2 Introduction to observed charged particle multiplicity and kinematic distributions

Neutrino interactions in the MicroBooNE detector produce charged particles that can be reconstructed as tracks in the liquid argon medium of the MicroBooNE LArTPC. These interactions can be characterized by a number of inclusive properties. The charged particle multiplicity, or number of primary charged particles, n, is a simple observable characterizing final states in high-energy-collision processes, including neutrino interactions. We note that in MicroBooNE the observable charged particle multiplicity corresponds to that of charged particles exiting the target nucleus participating in the neutrino interaction.

The charged particle multiplicity distributions (CPMD) comprise the set of probabilities, \(P_{n}\), associated with producing n charged particles in an event, either in full phase space or in restricted phase space domains. In addition to the observed CPMD, kinematic properties of all charged particle tracks for each multiplicity can be examined. Determination of inclusive event properties such as the CPMD and of individual track kinematic properties at Fermilab BNB neutrino energies naturally fits into the modern strategy [11, 12] of presenting neutrino interaction measurements in the form of directly observable quantities.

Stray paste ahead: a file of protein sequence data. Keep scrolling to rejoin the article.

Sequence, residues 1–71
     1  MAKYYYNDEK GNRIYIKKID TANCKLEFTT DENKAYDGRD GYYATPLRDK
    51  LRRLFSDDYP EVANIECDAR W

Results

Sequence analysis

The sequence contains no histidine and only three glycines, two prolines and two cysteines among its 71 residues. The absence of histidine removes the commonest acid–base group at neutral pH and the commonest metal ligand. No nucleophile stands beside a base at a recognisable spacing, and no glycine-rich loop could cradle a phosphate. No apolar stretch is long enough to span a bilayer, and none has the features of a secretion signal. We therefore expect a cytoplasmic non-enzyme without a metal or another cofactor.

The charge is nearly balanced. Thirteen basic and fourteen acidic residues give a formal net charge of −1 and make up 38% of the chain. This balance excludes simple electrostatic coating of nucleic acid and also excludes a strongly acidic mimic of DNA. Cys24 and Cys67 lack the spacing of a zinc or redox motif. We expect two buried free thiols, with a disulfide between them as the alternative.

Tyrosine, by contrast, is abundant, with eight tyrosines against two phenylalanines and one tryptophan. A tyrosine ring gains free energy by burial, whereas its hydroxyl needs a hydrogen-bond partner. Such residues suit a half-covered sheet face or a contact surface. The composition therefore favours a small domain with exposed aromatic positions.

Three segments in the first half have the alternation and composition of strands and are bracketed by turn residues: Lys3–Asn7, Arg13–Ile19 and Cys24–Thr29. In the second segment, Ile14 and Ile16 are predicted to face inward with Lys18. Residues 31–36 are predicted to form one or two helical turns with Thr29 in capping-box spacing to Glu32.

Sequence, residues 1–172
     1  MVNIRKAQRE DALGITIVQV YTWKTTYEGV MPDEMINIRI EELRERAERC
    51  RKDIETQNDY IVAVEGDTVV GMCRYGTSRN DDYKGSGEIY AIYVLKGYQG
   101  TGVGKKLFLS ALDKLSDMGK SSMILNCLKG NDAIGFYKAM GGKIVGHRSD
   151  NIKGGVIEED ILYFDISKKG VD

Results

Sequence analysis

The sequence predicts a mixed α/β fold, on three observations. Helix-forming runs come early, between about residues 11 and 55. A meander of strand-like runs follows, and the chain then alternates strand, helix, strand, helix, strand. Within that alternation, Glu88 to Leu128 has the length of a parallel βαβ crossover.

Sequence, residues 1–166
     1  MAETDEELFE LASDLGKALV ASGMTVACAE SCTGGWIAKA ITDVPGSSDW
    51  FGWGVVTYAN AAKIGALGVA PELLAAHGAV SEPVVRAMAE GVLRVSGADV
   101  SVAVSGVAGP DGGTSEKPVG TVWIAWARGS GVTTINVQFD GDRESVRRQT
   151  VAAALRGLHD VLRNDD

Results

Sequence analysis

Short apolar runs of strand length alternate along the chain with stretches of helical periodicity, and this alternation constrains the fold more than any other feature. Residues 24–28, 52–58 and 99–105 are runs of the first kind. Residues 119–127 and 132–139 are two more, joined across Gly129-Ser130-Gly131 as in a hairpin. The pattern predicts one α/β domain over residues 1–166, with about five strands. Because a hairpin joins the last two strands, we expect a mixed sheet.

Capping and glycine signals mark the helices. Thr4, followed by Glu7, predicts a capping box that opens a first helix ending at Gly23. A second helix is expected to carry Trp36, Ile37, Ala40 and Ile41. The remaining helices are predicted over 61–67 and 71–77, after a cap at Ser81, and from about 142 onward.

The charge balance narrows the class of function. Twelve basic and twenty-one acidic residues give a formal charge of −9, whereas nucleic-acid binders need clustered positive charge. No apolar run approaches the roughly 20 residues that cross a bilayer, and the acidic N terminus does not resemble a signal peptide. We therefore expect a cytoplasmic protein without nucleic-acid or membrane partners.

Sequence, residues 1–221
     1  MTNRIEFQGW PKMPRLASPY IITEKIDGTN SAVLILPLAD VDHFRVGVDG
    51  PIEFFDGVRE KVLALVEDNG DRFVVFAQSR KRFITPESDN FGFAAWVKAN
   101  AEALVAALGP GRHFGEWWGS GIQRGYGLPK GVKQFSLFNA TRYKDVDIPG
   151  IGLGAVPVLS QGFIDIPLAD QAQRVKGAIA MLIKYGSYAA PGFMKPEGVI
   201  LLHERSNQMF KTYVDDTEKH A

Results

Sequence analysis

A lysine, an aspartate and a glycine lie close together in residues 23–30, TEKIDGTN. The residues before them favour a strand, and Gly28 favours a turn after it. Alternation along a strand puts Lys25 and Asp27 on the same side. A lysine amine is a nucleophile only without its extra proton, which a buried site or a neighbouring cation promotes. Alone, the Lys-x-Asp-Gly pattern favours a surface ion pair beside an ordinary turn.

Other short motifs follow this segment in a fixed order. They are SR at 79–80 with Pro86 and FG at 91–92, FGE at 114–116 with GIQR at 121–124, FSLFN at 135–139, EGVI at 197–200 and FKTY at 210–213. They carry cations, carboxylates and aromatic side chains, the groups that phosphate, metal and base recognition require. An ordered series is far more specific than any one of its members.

Inclusive measurements expand the empirical knowledge of neutrino-argon scattering that will be required by the DUNE experiment and the Fermilab SBN program. As physical observables, the CPMD and other distributions can also be used to test models, or particular tunes of models such as GENIE. These models are typically constructed from a set of exclusive cross section channels, and tests of inclusive distributions can provide independent checks.

We describe here an evaluation of several variants of GENIE against observed charged particle distributions, including the observed CPMD in MicroBooNE data collected in 2016 in the Fermilab BNB. For the observed CPMD, we mean the conditional probability, after application of certain detector selection requirements, of observing a neutrino interaction with n charged tracks relative to the probability of observing a neutrino interaction with at least one charged track:
$$\begin{aligned} O_{n}=\frac{N_{\mathrm{obs,}n}}{\sum \nolimits _{m=1}^{\infty }N_{ \text {obs,}m}}, \end{aligned}$$
(1)
where \(N_{\mathrm{obs,}n}\) is the number of neutrino interaction events with n observed tracks.